Who said romance was dead? Well, evidently, Lloyds Banking Group.
According to the bank's data, people are twice as likely to spend money on themselves, than on their loved one this year on Valentine's Day.
However, the Scots are seen to be the most loving and generous towards their partners, with 7% of Scottish respondents saying they buy gifts for their loved ones 2-3 times a week, compared to the national average of 4%.
This drops to just 2% in Northern England. Additionally, 34% of Scottish respondents will buy gifts every 4-5 months for their loved one, compared to 26% in the South East.
Those in relationships do not bode well for receiving or giving gifts as only 45% of those with partners are willing to spend any cash on their loved one.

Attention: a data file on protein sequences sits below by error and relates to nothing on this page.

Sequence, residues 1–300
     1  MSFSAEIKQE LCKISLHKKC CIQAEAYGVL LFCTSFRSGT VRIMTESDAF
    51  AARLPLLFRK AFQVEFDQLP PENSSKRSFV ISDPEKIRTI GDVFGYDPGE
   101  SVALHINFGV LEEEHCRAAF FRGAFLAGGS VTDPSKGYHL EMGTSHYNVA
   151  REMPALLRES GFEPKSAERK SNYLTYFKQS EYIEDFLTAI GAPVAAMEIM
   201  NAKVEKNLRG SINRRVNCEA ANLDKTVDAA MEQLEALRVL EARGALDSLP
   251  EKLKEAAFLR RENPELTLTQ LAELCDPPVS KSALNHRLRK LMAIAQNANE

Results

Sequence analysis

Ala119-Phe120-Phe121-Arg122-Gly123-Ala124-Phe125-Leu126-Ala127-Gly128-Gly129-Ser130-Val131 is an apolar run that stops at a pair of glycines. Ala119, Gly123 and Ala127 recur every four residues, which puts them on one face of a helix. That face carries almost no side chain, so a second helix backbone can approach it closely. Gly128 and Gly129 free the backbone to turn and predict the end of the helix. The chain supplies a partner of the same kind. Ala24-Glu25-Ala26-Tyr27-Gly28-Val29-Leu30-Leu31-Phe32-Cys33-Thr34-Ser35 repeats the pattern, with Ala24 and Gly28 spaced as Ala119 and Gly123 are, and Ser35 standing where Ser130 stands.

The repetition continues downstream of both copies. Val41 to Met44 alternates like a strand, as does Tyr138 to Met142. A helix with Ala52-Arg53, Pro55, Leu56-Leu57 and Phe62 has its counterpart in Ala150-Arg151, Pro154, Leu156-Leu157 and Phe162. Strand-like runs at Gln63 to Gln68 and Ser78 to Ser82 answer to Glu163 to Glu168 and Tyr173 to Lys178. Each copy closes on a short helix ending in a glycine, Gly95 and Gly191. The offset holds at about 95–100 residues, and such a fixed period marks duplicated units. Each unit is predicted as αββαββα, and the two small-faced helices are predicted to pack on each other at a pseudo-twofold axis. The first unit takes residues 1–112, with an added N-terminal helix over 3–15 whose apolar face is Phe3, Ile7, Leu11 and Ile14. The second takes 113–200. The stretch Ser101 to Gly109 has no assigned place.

However, Lloyds thinks that the tight Valentine's Day spending may not necessarily be down to being stingy.
"Valentine's Day is a time to spend and enjoy with a loved one, but with 93% of us spending money on special occasions, it is important to spend wisely and within our means," said Philip Robinson, Director of Current Accounts at Lloyds Bank.
"To plan for such occasions, it is important to start with taking some simple financial steps to avoid overspending."
However, over the course of a year, Lloyds said that people are spending an average £265 on their hobbies compared to £217 on their loved ones.
Around 82% of those in a relationship confessed their 'other love' to include dining out, travel and sports based activities.
However, it looks like it takes a lot more effort to keep the romance alive, the older you get as 65% of 25 – 34 year olds in a relationship say that they will celebrate the special day, compared with just 24% of over 65 year olds.